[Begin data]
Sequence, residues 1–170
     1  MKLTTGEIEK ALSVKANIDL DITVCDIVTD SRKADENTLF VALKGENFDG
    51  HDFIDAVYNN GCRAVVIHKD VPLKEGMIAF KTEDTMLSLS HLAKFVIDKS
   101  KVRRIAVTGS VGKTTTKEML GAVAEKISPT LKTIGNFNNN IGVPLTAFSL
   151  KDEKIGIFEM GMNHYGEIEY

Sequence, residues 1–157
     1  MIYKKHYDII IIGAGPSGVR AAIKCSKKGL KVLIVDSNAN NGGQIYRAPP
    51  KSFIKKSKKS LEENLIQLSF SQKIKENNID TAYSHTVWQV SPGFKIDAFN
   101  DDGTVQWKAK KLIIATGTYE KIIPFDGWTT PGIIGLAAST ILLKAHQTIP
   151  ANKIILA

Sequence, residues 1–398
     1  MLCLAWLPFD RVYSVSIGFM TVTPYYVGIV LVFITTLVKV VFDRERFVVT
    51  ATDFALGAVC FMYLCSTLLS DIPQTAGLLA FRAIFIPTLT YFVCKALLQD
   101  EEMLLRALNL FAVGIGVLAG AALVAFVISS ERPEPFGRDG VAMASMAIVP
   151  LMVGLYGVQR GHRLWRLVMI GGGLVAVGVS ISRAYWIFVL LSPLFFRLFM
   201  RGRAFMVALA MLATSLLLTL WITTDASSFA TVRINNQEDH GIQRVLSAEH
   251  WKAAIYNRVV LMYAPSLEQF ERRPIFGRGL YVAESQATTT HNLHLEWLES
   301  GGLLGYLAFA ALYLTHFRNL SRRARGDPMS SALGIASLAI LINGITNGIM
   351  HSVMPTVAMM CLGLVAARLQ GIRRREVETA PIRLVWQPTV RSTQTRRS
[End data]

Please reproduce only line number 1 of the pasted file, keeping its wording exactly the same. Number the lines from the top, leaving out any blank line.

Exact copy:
Sequence, residues 1–170